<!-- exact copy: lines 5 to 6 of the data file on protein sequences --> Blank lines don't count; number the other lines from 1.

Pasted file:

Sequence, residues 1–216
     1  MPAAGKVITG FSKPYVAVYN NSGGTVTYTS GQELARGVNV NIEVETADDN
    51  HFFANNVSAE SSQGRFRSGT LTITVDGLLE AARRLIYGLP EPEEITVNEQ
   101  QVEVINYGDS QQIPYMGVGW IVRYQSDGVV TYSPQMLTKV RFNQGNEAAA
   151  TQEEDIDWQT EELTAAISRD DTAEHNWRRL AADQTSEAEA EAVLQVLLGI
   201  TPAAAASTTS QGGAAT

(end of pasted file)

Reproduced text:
   151  TQEEDIDWQT EELTAAISRD DTAEHNWRRL AADQTSEAEA EAVLQVLLGI
   201  TPAAAASTTS QGGAAT